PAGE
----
Hampstead Wild Rosehip & Hibiscus Tea Review

Hampstead Wild Rosehip & Hibiscus Tea Review

Today I’ve got my hands on Hampstead Wild Rosehip & Hibiscus tea. It’s days like this that I consider reviewing my tea iced rather than hot… but that wouldn’t be fair to you, my readers. Seeing as I’ve reviewed teas hot for years now, it wouldn’t be a fair comparison to start cold-brewing or icing tea today.

Nonetheless, this tea will be epic iced and is ideal for the hot summer months (or weeks, as it usually is in the UK) when hot tea is too much.

Let’s dig in and discover what this fruit-flavoured herbal tea is all about.

Hampstead Tea Rosehip Hibiscus at a Glance

Izzy's Rating
  • Blend: Organic rosehip and organic hibiscus – that’s it!
  • Flavour: Pleasantly tart and berry like, with a gentle floral note

Don’t let the pretty pink packaging fool you. This herbal tea packs a punch! It has a vibrant tart and juicy flavour, leaving a drying sensation in your mouth. There’s only a slight hint of sweetness too.

pink rosehip teabags

Full Review – Hampstead Wild Rosehip and Hibiscus Tea

Izzy's Rating
  • Type: Individually wrapped tagged paper filter teabag
  • Tea: Rosehip, hibiscus
  • Health Benefits: Re-energise, boost immune system
  • Flavour Notes: Pleasantly tart, berries, floral
  • Aroma: Slightly sweet, tart berries, sour
  • Milk or Lemon: Sugar, if desired
  • Where to Buy: Amazon or Hampstead Tea

Ripping open the packet, there’s a distinct lack of aroma coming from this tea. It’s odd, but not necessarily a bad sign. Some teas just need a little water to bring them to life!

That’s definitely the case with this tea. Hampstead Tea describe the colour as garnet, but I found it to be more ruby berry red. It’s also crystal clear, which I personally find very inviting over a cloudy coloured tea.

You will not believe the flavour.

Rather than being sweet berry-flavoured, it’s tart and rich with a sour note that reminds me of citrus fruit. The hibiscus is the main flavour here, but the rosehip adds a gentle note. It’s a delicate floral hint that makes this tea something special. I really love it!

About halfway through the cup, the juiciness gives way to a drying sensation in your mouth. It can also catch in your throat, despite the overall smooth texture.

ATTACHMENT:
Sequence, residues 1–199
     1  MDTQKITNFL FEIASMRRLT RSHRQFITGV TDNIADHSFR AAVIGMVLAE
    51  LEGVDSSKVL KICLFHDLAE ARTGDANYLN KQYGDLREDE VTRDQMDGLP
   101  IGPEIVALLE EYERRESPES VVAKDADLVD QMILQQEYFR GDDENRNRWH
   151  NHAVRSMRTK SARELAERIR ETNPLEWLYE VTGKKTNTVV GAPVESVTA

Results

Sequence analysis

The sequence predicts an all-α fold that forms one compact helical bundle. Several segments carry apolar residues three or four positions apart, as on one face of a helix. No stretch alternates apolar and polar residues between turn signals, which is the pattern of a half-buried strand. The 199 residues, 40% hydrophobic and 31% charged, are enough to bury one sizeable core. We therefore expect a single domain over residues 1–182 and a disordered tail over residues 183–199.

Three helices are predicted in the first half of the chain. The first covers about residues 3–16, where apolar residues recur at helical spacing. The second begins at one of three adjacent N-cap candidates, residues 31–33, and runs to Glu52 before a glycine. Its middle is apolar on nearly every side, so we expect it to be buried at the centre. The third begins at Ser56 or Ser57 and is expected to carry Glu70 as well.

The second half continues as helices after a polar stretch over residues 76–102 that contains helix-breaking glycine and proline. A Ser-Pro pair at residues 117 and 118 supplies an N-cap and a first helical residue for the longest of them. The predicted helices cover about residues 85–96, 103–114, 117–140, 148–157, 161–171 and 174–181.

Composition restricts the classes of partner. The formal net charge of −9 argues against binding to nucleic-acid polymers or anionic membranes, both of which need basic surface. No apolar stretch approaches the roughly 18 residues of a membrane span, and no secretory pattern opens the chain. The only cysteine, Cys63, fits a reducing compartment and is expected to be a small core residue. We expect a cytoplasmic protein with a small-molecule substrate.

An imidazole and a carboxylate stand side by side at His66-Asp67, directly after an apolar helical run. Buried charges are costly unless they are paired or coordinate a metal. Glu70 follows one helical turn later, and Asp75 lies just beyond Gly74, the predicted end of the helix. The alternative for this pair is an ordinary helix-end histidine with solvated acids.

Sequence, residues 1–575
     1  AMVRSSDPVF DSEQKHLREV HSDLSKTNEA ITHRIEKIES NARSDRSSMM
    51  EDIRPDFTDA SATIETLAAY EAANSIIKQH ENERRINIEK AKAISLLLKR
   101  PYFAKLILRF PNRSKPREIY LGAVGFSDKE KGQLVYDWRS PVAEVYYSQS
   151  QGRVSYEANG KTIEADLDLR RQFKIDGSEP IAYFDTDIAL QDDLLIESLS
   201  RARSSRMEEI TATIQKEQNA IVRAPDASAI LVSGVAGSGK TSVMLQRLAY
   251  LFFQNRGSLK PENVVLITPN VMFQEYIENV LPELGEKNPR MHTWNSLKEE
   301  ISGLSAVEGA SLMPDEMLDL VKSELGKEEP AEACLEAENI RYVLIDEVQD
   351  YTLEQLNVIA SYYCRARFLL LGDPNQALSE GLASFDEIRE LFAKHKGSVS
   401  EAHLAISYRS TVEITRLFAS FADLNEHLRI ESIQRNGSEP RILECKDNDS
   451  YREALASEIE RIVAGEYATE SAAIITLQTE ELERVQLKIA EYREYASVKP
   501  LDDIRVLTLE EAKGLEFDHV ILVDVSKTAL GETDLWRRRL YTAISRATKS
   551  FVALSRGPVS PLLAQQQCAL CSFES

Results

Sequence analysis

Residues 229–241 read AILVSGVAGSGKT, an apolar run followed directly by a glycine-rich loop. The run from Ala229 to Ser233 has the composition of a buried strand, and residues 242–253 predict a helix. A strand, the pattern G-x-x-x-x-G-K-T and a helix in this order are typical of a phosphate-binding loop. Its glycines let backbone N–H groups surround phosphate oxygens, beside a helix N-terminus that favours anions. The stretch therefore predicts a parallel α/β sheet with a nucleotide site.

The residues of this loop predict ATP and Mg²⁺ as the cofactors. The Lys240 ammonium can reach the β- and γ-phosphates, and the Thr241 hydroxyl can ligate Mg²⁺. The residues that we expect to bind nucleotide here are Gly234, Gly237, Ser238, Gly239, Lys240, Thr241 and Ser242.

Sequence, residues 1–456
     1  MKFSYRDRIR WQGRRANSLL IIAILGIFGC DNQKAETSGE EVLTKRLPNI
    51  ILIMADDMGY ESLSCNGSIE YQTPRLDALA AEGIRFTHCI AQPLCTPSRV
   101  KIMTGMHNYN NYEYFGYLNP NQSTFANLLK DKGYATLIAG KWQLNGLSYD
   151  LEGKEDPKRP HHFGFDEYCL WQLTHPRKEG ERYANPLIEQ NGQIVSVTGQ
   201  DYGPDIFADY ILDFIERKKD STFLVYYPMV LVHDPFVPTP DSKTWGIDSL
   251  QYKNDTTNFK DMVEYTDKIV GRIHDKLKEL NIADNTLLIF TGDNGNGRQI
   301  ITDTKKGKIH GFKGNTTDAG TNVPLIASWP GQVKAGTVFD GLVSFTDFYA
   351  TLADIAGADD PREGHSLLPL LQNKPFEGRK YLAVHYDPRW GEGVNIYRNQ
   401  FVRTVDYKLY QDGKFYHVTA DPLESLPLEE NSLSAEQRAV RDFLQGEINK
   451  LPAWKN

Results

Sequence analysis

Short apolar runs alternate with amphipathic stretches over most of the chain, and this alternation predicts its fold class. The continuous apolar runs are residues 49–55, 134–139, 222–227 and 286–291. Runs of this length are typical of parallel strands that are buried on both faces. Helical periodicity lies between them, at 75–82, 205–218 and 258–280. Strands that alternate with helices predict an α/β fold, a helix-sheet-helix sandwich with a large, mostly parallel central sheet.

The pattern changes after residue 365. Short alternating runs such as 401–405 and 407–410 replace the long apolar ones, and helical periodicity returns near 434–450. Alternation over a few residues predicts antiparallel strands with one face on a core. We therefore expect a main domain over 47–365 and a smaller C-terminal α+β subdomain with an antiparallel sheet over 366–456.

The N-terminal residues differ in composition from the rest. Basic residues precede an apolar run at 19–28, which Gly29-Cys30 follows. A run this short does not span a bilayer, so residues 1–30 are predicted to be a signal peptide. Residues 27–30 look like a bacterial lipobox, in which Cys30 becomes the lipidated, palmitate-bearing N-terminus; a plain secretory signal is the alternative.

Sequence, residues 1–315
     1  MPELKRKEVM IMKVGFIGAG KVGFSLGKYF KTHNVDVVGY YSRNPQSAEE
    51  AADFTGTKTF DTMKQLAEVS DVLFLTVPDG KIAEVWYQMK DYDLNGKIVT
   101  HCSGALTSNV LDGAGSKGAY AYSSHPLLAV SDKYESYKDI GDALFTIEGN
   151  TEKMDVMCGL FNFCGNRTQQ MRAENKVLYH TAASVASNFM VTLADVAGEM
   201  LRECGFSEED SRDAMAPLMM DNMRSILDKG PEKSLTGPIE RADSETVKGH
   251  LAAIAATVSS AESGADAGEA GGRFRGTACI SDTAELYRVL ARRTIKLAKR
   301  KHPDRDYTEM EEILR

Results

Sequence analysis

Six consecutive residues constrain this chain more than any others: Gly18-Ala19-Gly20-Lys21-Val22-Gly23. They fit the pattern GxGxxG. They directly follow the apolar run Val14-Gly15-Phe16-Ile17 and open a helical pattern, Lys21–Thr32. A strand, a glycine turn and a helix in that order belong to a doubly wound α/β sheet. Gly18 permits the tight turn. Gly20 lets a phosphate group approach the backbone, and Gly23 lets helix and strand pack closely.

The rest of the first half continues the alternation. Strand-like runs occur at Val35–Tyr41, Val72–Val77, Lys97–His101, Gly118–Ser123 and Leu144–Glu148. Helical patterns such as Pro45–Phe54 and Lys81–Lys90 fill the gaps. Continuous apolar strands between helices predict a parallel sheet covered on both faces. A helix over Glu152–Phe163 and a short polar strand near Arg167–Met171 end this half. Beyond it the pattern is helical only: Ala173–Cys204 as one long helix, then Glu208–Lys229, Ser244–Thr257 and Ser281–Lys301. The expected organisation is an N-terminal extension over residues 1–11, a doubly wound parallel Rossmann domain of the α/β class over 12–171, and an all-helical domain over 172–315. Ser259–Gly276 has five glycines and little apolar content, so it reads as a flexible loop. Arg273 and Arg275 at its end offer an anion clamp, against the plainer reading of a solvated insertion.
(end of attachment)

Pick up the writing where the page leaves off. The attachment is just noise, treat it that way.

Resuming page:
This tea would be perfect for an after-dinner treat, when you want something full-flavoured but aren’t in the mood for a sweet dessert.

How to Brew Wild Rosehip and Hibiscus Tea

This tea is an herbal tea, despite the hibiscus lending it berry-like tartness. So, use 100°C boiling water and let the teabag steep for 3 to 5 minutes. This tea gets strong, so stop at 3 minutes and take a sip – you can always pop the teabag back in, if it’s not strong enough for your tastes.

I used 1 teabag, which contains 1.5g of tea, in 250ml of water. If you’re using a very large mug (or cold brewing this tea) then use two teabags at once.

The vibrant tart sourness is why I enjoyed this tea so much, but you could certainly add a teaspoon of sugar if you have a particularly sweet tooth. Although, it may take several teaspoons to balance out the tartness entirely.

Why Hampstead Teas?

This tea is wonderful. Made with just rosehip and hibiscus, it’s effortlessly simple yet has such a vibrant flavour. The ingredients are quite finely chopped within the teabag – see my photo below – but that’s not so much a problem with herbal teas compared to Camellia sinensis teas.

Furthermore, I really like that the two main ingredients are certified organic and Fairtrade. The teabags themselves are made from unbleached, plastic-free materials. They’re safe for home composting.

organic hibiscus and rosehip tea

Rosehip and Hibiscus Health Benefits

Hampstead label this tea as re-energising and I can see why. I did find the flavour to be really uplifting and it added some much-needed colour to my day.

As for quantifiable health benefits, rosehip and hibiscus are both sources of vitamin C which we all know is great for your immune system. Bear in mind, however, that vitamin C does not do well with heat, so the act of brewing the tea in hot water will drastically reduce the amount of vit C you can get from it.

If you want to try a tea that has higher levels of vitamins and minerals, and can actually be used as a supplement, take a look at my Tea+ reviews.


Overall, this tea is deliciously simple. I highly recommend Hampstead Wild Rosehip and Hibiscus tea to anyone who likes fruity teas… but doesn’t want something overly sweet. It really does have a punchy flavour. Of course, it’s totally caffeine-free too.

Although I’ve linked to Hampstead’s website above, the best place to buy this tea is usually Amazon as there are better delivery options.

red rosehip hibiscus infusion

Tea Recommendation

The pretty pink of this tea colour and packaging reminds me of my astrology tea flask, which comes in white, black or pink. It’s ideal for taking your tea on the go, and even has a chamber for loose leaf tea if you want to broaden your tea-drinking horizons.

Isobel Moore

Isobel Moore is a quiet, quirky and creative “human bean” whose favourite pastime is curling up with a cuppa and a good book.

Over the past 5 years, her tea reviews at Immortal Wordsmith have helped thousands of readers choose vibrant tea blends and single origin selections from fine, organic, and responsible tea companies.

As a professional content writer with a qualification in digital marketing, Isobel has worked with market-leading tea brands around the globe to develop their content marketing campaigns and gain exposure. Her professional portfolio can be found on Upwork.

Besides a deep-rooted passion for tea, Isobel writes on topics ranging from food and travel to wellness and literature.

Favourite Quote: “Manuscripts don’t burn” – Mikhail Bulgakov

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